Decatur wants all the benefit (tax revenue) of the commercial areas but isn’t able/willing to take on the students in adjoining neighborhoods.

Below is a response from http://www.decaturish.com/2014/12/regrets-school-board-supports-annexation-plan/                            to the article shown above. It fits perfectly about how unfair of Decatur to take money away from the areas of Unincorporated DeKalb where it is more desperately needed and give it to the mostly 1% of Decatur.

“Perhaps I’m a little simple minded, but I don’t get it. Decatur wants all the benefit (tax revenue) of the commercial areas but isn’t able/willing to take on the students in adjoining neighborhoods. Oh, not to mention the more affluent Decatur gets to capture tax revenue (school dollars) from DeKalb county, a school system that is inferior to Decatur’s in almost all academic and socio-economic measures (and therefore arguably in greater need of the school dollars). Why is this not a civil rights issue for the children of DeKalb county? Why is this OK for Decatur’s leadership and the citizens of Decatur? It’s not OK with me. The school overcrowding issue could be addressed in many more creative ways (policies that have an impact in keeping the city’s population down like helping older residents stay in their homes or NOT approving the building of tons of apartments, policies that make it unsavory to tear down small houses and replace them with McMansions, incentives that help attract larger-dollar commercial operations to existing Decatur commercial property (Trader Joe’s in Oakhurst, anyone))?
Grow big and plunder our neighbors’ tax base are not policies I want to be a part of.”

No2Decatur: City of Decatur Annexation attempt by Midway Woods Neighborhood Association 2012

Yes, we know they are at it again, however, I thought I’d show a recap of the 2012 attempted annexation of Midway Woods now that Peggy Merriss and staff are at it again. Below are the contents from our WWW.NO2DECATUR.COM website that helped defeat the attempt at annexation in 2012. But before I do so, I just saw an article in Decaturish about Renfroe Middle School that shows they are expected to have an increase of 139% in student population…BEFORE any annexation. So, it just doesn’t make any sense to me why the City of Decatur and Peggy Merriss keep pushing annexation of residential areas.

VOTE NO 2 DECATUR

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Sign Petition

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Thanks No2Decatur Annexation Committee Members for all of your hard work. We are getting signatures, yet we still need more. Ask your neighbors to please sign the petition. Please call 404-719-1753 if you need a copy delivered or one picked up. With your help we will defeat this annexation!

No2Decatur.com presents an argument against the annexation of all of Midway Woods into the City of Decatur. 30 homes that are in Midway Woods are included in Zone D, however, Midway Woods Neighborhood Association is petitioning to include all of Midway Woods.

If you oppose being annexed into the City of Decatur, or you are unsure, please read through this site. If you agree annexation is not the best step forward, please make yourself heard! Use the button below to see two options for signing an anti-annexation petition and we’ll make sure you’re represented. Petitions must be given to the City of Decatur by Nov. 6 so we have set our deadline for Nov. 1, 2012.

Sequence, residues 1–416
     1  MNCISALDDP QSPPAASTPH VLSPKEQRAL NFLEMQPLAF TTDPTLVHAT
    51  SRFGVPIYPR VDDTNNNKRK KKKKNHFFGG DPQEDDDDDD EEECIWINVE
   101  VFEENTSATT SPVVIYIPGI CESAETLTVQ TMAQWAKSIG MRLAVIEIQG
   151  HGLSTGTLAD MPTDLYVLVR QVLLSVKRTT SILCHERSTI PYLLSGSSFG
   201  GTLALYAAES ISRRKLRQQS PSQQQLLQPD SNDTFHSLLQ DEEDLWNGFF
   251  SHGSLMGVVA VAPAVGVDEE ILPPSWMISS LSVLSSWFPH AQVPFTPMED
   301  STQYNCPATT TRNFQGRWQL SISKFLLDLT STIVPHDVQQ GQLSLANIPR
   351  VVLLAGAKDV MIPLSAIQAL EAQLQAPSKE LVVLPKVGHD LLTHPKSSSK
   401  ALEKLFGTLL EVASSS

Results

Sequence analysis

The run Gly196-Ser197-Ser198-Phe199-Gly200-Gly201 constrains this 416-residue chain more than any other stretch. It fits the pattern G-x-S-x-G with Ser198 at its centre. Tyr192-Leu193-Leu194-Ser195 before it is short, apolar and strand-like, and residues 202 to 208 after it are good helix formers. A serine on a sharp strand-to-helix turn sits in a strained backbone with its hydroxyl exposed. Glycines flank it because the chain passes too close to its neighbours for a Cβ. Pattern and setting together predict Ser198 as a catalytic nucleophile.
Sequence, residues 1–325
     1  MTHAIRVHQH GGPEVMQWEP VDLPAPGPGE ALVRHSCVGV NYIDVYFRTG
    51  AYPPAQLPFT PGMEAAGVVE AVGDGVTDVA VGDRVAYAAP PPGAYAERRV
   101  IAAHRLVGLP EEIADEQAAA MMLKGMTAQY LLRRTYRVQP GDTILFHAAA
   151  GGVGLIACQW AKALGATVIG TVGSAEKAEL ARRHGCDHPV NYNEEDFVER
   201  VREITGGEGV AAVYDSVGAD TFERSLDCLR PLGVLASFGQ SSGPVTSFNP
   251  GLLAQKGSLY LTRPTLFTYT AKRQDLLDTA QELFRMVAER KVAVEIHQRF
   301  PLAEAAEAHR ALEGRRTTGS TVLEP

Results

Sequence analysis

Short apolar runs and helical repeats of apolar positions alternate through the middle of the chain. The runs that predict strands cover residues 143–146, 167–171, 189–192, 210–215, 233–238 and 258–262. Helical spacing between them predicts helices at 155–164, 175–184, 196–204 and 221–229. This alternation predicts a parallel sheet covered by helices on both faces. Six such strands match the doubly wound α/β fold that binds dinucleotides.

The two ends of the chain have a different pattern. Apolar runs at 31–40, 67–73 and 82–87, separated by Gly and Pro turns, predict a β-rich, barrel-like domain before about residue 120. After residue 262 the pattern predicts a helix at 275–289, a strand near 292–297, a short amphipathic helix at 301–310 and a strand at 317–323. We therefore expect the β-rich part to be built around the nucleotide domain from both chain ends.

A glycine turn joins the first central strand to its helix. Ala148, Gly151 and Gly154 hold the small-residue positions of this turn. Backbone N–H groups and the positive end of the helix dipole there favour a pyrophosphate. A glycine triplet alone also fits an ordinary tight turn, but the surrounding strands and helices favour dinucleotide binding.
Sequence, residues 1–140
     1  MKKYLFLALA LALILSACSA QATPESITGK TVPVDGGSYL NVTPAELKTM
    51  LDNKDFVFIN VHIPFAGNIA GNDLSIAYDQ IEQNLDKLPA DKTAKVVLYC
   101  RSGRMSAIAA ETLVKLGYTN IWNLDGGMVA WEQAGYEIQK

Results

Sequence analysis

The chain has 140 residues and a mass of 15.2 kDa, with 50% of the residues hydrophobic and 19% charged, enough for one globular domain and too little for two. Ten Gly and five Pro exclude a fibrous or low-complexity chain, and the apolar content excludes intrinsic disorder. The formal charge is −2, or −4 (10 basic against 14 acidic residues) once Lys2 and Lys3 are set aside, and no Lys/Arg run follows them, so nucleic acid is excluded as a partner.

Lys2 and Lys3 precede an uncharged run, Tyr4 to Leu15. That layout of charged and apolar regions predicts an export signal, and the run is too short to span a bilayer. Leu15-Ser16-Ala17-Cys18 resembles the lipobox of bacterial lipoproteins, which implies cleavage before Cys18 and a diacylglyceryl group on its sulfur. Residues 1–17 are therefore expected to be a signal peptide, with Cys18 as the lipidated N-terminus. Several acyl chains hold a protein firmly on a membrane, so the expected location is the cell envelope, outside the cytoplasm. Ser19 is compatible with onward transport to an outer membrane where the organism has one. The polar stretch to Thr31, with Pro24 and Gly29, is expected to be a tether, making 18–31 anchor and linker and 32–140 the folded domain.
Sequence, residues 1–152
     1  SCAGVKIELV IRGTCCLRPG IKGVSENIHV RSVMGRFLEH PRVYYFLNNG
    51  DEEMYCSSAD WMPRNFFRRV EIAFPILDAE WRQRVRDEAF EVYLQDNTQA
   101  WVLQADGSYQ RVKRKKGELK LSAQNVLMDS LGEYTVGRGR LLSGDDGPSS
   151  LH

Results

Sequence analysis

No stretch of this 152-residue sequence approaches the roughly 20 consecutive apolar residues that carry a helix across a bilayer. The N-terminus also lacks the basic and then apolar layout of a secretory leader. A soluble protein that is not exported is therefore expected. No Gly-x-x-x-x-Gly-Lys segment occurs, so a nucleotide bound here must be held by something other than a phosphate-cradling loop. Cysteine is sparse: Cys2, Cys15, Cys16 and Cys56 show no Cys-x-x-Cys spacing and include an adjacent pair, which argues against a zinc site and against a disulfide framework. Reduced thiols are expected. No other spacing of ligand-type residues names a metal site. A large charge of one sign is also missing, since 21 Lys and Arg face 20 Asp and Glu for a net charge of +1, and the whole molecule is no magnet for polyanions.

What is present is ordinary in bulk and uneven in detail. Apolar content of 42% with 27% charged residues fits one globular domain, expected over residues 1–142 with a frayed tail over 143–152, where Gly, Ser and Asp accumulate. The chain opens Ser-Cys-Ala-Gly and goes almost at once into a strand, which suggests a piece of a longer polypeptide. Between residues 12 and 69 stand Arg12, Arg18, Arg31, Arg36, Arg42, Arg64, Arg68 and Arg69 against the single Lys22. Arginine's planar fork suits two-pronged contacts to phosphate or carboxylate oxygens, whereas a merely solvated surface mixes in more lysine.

Need some to pick up your petition? Just e-mail us at info@No2Decatur.com and we’ll make arrangements to do so. Or just drop in the mailbox at 1460 Deerwood Drive. This mailbox is secure once you have placed your petition inside no one but the owner can retrieve it.

What would annexation mean?

Annexation means you would pay higher monthly property taxes to be a resident of Decatur. This provides you with City of Decatur police, fire and emergency services; City sanitation services; and access to the City of Decatur school system. For information about annexation, see the City of Decatur’s annexation Web site here. See your likely tax increase, all based on numbers from the City and/or County, here. Finally, here are our arguments against annexation.

Some can’t afford to pay more

The cost of annexation hits directly the pockets of our neighbors, many of whom are on fixed incomes. In this already-troubled economy, to pay additional taxes for the home you have lived in for years is extremely stressful. Certainly, those who have kids in the DeKalb schools, but who would rather their kids be in Decatur schools, would benefit by annexation, but there are other options available to them without placing a significant, long-term financial burden on others.

Just the facts Ma’am

What is an estimated typical 2012 total tax bill for a home in the City of Decatur valued at $250,000?

With Fees – $4,844 in Decatur; $3,514 in DeKalb County.
Decatur – $4,079 DeKalb County – $765

Of that amount above, what portion goes to the City of Decatur and what goes to DeKalb County?

Please keep in mind that if your property value increases so will your tax bill. Taxes don’t stay still, they go up every year.